I’m taking a two-month trip to New Zealand soon. What’s the cheapest way to keep in touch by phone with family and friends back home? Baljit, Leicester
The internet and mobile phones have completely changed the way we communicate with people on the other side of the world. It doesn’t have to cost a fortune anymore and in theory, you can do all the things you would do at home, like sending messages and photos, without a massive bill at the end. But it’s important to do your homework beforehand.
Using online video and voice chat programmes like Skype won’t cost anything if you use free Wi-Fi access at a hotel or café to call someone else’s computer or iPad back home. And for a relatively modest extra cost, you can call landlines from your computer using Skype.
If you think you might need your phone to make calls or access online services while you’re abroad, then check whether your service provider will allow you to take your calling plan with you. Usually there’s a charge for this and it’s restricted to certain countries, but it can be quite reasonable.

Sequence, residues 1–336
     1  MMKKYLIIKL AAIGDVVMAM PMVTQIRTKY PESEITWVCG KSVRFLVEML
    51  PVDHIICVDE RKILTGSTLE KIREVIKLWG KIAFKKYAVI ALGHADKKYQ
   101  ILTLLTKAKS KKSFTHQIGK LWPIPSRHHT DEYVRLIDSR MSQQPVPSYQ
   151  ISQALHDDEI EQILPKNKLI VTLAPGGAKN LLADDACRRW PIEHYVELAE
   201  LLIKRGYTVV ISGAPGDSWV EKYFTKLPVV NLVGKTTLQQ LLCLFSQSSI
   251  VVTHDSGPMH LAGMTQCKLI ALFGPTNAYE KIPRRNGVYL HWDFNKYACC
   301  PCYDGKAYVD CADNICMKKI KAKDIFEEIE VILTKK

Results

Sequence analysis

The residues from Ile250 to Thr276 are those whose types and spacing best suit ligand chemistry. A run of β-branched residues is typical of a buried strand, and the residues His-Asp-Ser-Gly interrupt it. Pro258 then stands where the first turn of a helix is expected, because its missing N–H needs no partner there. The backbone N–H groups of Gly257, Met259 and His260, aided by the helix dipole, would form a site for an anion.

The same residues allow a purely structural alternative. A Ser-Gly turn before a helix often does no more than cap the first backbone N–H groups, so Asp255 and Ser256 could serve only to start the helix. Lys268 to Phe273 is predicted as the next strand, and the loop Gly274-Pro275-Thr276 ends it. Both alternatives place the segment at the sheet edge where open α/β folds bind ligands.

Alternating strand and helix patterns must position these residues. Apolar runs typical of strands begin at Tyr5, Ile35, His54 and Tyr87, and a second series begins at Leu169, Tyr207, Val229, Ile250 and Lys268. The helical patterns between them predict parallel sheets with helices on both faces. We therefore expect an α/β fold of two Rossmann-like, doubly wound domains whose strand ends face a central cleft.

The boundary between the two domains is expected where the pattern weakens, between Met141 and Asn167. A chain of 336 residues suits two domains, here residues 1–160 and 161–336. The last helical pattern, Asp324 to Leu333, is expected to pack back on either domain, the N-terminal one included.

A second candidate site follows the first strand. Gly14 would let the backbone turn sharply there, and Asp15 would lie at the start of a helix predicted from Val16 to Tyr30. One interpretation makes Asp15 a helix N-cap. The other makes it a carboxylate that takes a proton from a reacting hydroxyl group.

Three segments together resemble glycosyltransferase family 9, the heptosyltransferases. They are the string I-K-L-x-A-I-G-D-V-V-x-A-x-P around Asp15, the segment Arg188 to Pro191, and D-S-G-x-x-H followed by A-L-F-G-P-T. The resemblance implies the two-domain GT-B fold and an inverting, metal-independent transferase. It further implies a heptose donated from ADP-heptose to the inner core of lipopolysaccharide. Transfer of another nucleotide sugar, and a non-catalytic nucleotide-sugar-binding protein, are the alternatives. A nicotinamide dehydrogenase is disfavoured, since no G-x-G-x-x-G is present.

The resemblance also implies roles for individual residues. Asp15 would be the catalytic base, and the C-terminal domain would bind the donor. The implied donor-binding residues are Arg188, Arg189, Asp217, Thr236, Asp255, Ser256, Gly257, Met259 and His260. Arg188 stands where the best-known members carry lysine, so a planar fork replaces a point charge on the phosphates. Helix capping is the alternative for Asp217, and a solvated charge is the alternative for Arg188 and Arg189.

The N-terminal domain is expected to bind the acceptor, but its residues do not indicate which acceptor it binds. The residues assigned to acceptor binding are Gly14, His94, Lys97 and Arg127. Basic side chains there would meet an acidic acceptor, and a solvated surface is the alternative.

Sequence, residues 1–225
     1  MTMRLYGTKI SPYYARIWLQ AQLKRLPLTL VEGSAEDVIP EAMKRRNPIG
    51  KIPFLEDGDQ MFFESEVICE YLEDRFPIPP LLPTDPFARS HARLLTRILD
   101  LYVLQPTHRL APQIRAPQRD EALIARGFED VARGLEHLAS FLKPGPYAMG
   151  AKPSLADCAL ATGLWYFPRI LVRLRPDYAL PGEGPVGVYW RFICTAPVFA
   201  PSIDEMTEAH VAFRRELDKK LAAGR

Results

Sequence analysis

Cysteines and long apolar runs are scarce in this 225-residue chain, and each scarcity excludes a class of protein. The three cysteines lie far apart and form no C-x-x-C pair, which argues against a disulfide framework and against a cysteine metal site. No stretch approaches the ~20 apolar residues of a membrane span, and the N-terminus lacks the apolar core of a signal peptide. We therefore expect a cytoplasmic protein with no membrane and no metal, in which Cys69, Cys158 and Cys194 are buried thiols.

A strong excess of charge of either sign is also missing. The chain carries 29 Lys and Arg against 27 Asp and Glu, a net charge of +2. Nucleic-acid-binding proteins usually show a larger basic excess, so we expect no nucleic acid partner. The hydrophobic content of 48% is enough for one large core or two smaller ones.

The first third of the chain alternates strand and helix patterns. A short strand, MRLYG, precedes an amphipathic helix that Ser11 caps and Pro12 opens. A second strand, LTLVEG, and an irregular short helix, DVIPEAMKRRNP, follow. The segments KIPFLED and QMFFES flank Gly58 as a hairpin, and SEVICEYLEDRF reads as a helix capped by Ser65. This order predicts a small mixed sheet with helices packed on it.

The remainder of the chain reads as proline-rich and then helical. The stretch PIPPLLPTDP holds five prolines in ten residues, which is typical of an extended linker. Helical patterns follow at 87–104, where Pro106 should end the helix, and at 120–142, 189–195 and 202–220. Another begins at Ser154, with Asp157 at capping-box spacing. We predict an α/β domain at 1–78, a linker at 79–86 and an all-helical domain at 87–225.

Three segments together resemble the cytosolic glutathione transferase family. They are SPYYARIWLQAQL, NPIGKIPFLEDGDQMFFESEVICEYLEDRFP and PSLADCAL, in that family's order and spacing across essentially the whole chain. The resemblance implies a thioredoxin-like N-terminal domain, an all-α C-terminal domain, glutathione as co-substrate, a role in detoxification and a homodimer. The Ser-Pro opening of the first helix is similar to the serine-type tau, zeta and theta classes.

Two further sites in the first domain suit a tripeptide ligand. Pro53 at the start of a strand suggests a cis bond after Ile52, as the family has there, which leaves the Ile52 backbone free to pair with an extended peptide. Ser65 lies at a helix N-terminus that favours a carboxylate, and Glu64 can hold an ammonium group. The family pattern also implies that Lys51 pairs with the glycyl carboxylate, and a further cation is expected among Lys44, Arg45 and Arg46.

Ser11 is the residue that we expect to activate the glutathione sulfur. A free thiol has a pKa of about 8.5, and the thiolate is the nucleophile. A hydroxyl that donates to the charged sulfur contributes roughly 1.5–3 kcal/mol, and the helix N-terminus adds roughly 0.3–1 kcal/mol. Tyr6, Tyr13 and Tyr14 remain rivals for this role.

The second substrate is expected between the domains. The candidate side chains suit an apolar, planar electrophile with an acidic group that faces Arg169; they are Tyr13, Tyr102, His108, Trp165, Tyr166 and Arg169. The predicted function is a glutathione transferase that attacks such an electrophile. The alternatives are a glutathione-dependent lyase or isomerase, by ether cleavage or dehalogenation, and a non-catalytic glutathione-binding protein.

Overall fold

For example Vodafone will let their pay monthly and contract customers use their UK voice, text and data plan in most European countries for £3 a day. The charge only kicks in on the days you use it. Always remember to switch off data roaming on your phone if you don’t want to be charged while abroad.
If you can’t do that, or it’s too expensive, then look at getting a SIM card when you arrive at your destination. For example, in New Zealand, the national phone operator Spark offers a pay-as-you-go SIM card for around £22 and you don’t need to be a resident to get one. It gives you 1GB 4G data, free access to a huge Wi-Fi network across the country and some local minutes and texts. However, you’ll be charged for international calls so use your data allowance to make Skype calls.